Around December, when the Coronavirus was reported in China and the country was under a lockdown, I saw numerous reports on the news of Kenyan parents deeply worried about their children, stuck at home with no food, no support, and nothing to do. The virus was quickly spreading, and people were dying. It was devastating, at least, for those concerned. Empathy was felt, prayers were had but mostly that was it, after about two weeks of wondering what the fate would be for the Kenyan children in China, and the declaration that if they were repatriated it would be dangerous, life moved along swiftly, or with a slow even keel, depending on what stage one was at.
Then came March, a period of examination at Strathmore University for the July cohort and students were bustling, busy around campus studying hard anticipating the holidays. Most had secured their holiday internships and volunteer programs, while others were greatly anticipating their trips overseas with their classmates and vacations with their families. Easter was fast approaching and for most Kenyans, it was an important time for faith and for family. Everything was going according to plan until it was not. Life has an interesting way of unravelling itself, the mystery of tomorrow being one of its most wonderful gifts.
The first Coronavirus case was reported in Kenya and everything went into disarray, schools were immediately shut down, for students doing their exams, they were indefinitely postponed, with only a week left to get rid of them. What to do with all that time, stuck at home, without the option of moving about freely. Even for a serial introvert who enjoyed time at home, space was now invaded, and the stakes were high. Feelings of extreme anxiety and borderline depression became the norm, as reports of numbers rising across the globe were made, including within the Kenyan space. It was no longer a Chinese kind of problem, it was one for the entirety of us to bear, humanity. A moment of extreme empathy, I would like to call it.
Days were counted down in hopes that the virus would soon subside, and everything would return to normal. Its funny how a ‘normal’ state of affairs can be claimed to exist in a world full of surprises, one we have no control over, one in which we spend the time that fades and can never be recovered. With extreme anxiety and utter confusion, as a planner and a person used to organizing systems to achieve utmost productivity, the fact that waiting for my old life to resume as if nothing had changed was a futile attempt, quickly dawned on me. It was time to take charge of my time and my emotions.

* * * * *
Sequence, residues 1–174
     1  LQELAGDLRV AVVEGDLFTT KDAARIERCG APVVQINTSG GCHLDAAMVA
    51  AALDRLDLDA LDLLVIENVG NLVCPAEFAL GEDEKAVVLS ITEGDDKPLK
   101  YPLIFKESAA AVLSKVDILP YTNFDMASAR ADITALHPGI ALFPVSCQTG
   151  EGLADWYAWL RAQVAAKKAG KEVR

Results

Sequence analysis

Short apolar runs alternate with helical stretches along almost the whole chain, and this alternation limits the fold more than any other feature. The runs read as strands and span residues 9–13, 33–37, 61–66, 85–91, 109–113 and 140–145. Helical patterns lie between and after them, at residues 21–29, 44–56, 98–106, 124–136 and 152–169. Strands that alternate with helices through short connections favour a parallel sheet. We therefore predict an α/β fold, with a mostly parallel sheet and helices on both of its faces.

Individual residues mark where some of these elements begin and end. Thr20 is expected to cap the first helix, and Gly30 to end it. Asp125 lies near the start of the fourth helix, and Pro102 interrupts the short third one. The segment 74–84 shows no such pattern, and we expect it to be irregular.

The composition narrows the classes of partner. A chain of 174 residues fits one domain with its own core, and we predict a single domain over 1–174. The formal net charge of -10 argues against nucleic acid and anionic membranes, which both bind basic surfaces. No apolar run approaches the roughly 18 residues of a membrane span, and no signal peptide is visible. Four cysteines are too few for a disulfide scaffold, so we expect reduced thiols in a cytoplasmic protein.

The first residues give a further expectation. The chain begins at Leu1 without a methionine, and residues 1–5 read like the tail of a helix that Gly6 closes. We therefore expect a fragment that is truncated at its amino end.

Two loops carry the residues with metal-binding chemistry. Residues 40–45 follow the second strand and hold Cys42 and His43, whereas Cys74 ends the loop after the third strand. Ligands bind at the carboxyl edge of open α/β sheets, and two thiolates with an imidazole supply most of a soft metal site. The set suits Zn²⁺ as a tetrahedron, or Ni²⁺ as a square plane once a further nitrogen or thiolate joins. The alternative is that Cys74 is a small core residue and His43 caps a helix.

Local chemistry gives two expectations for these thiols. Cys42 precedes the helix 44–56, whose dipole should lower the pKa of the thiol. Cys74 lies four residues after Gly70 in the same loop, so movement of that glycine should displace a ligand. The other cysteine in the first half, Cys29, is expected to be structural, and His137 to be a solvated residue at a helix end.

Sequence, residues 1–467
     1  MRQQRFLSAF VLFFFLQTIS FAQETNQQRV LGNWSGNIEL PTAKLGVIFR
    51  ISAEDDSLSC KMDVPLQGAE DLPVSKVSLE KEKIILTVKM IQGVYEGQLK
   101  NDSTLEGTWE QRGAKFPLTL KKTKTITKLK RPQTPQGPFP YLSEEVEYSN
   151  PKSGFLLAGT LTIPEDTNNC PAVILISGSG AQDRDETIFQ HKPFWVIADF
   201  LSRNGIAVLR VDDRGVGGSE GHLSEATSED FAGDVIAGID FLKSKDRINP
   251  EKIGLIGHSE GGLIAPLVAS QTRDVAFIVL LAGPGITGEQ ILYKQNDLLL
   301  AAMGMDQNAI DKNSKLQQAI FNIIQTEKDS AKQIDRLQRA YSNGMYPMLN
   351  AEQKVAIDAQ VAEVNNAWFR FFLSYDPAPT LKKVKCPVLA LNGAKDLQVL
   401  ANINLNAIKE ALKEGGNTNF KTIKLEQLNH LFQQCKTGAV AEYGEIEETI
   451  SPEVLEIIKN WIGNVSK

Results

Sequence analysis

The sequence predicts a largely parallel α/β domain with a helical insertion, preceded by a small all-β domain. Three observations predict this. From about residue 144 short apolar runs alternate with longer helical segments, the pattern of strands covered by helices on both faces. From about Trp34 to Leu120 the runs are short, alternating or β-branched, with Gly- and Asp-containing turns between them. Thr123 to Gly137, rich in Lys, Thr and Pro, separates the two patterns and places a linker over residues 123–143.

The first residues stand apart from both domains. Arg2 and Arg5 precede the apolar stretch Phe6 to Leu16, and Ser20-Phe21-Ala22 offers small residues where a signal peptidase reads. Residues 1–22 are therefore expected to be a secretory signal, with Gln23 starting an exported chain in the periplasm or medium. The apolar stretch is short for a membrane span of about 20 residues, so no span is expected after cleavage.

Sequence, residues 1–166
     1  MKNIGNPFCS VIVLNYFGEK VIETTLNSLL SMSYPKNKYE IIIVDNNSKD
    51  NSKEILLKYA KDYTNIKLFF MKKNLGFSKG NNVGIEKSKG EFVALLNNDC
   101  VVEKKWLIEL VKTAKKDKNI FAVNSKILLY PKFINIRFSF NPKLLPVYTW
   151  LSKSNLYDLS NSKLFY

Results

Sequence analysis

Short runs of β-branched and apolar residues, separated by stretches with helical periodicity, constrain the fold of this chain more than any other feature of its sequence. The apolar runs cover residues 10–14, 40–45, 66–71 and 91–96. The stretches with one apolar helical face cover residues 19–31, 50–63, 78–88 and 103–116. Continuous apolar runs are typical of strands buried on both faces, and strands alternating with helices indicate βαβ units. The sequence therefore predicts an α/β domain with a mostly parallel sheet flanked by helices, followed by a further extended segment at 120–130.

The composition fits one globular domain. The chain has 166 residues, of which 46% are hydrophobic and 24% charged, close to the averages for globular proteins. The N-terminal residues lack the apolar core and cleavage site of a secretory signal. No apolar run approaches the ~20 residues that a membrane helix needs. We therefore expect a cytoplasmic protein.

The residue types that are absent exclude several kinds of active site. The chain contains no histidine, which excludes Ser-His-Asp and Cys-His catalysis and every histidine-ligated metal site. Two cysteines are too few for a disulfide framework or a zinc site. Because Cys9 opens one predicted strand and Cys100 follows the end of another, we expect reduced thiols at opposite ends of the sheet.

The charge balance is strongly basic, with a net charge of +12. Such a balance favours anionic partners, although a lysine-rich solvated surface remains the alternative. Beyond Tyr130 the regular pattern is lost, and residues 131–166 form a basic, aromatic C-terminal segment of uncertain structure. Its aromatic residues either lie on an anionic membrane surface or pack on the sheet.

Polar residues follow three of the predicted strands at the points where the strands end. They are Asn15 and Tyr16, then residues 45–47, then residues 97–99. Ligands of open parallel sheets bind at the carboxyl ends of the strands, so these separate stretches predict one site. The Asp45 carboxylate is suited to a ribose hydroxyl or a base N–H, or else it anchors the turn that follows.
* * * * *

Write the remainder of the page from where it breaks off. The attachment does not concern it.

Like Saint Josemaria Escriva, during the Spanish Civil War, I adopted the principles of order, friendship, and study. Order because I made some sort of schedule, not too hectic but just a plan I could follow through to give my day a sense of meaning and purpose. Waking up early to meditate and use some quiet time alone. Taking frequent walks outside, mostly in the mornings and evenings when it was less crowded, and planning activities for the day, of which cooking took center stage as I came to learn that my love for the kitchen was deeper than I had known before.
My friendship with my family members bloomed during this period. This is not to mean that there were no rough days or times that I wished to be completely alone. We had thousands of conversations about life and I got to know parts of my family that I would never have had the chance to and to create deeper connections that I will forever cherish and be grateful for. In addition, the realization that friendship meant work and time, so occasionally creating time to virtually connect with friends and catch up greatly impacted my mental health positively. Suddenly, the realization that man is inherently social and that living in a community constitutes a large part of who we are dawned on me. The days I spent alone worried greatly differed from the ones in which I carved time out for friends and family, making me more positive and fulfilled.
Being an avid reader and a lover of all things learning the principle of study was more or less a default setting for me. It is what I yearned to do daily, because unlike most times when I’m swamped with school work and the vagaries of life, dealing with extreme exhaustion, I could engage in learning for knowledge sake and believe it or not, for leisure. I enjoyed my days traveling the world and exploring the depths of my mind and the minds of numerous authors as I flipped through the pages of some of the best books I have read in years. Utter bliss is how I would describe this time of my life, but like life does, it quickly changes, and soon it was time to get back to school.
Online exams to usher out the old school year were done, a new experience but one that we quickly got a hang of. Then came the online classes, and the realization that technology was taking over, there was a need to create time for nature. This was because the reality of ‘zoom fatigue’ dawned fast, with a dire need to create as much energy as was being spent, exercise was then vital. Along with meditation, family, friends, order, study, and a new attitude, a positive one with a more adaptable person. At this time, the words of Michelle Obama rang true, with the changing phases of our lives, we learn to adapt, and so she says, “Get back on what track? It’s an entirely new track and it’s not going back, it’s different forever. So, I’m figuring it out and creating a new track.”
This article was written by Bertha Odawa, a Bachelor of Laws student.